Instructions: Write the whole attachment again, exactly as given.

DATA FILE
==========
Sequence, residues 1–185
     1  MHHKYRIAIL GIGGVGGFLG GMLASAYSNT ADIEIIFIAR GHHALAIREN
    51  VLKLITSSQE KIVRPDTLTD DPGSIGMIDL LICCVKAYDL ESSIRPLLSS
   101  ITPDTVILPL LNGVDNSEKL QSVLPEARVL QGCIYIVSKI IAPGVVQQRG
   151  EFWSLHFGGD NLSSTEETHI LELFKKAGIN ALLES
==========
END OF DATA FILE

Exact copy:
Sequence, residues 1–185
     1  MHHKYRIAIL GIGGVGGFLG GMLASAYSNT ADIEIIFIAR GHHALAIREN
    51  VLKLITSSQE KIVRPDTLTD DPGSIGMIDL LICCVKAYDL ESSIRPLLSS
   101  ITPDTVILPL LNGVDNSEKL QSVLPEARVL QGCIYIVSKI IAPGVVQQRG
   151  EFWSLHFGGD NLSSTEETHI LELFKKAGIN ALLES